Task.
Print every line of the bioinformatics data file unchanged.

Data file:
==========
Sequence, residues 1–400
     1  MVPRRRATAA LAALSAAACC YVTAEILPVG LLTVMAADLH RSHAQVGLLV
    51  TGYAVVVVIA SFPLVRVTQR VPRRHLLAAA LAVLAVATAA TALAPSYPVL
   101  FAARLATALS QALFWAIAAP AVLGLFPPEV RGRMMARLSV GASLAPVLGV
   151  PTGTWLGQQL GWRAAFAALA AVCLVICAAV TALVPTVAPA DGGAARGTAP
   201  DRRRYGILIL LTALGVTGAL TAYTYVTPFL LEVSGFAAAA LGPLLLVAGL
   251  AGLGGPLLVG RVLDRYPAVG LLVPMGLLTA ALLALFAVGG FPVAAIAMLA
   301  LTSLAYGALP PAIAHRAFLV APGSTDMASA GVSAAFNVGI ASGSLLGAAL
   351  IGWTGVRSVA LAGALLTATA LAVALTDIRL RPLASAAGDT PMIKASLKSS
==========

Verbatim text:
Sequence, residues 1–400
     1  MVPRRRATAA LAALSAAACC YVTAEILPVG LLTVMAADLH RSHAQVGLLV
    51  TGYAVVVVIA SFPLVRVTQR VPRRHLLAAA LAVLAVATAA TALAPSYPVL
   101  FAARLATALS QALFWAIAAP AVLGLFPPEV RGRMMARLSV GASLAPVLGV
   151  PTGTWLGQQL GWRAAFAALA AVCLVICAAV TALVPTVAPA DGGAARGTAP
   201  DRRRYGILIL LTALGVTGAL TAYTYVTPFL LEVSGFAAAA LGPLLLVAGL
   251  AGLGGPLLVG RVLDRYPAVG LLVPMGLLTA ALLALFAVGG FPVAAIAMLA
   301  LTSLAYGALP PAIAHRAFLV APGSTDMASA GVSAAFNVGI ASGSLLGAAL
   351  IGWTGVRSVA LAGALLTATA LAVALTDIRL RPLASAAGDT PMIKASLKSS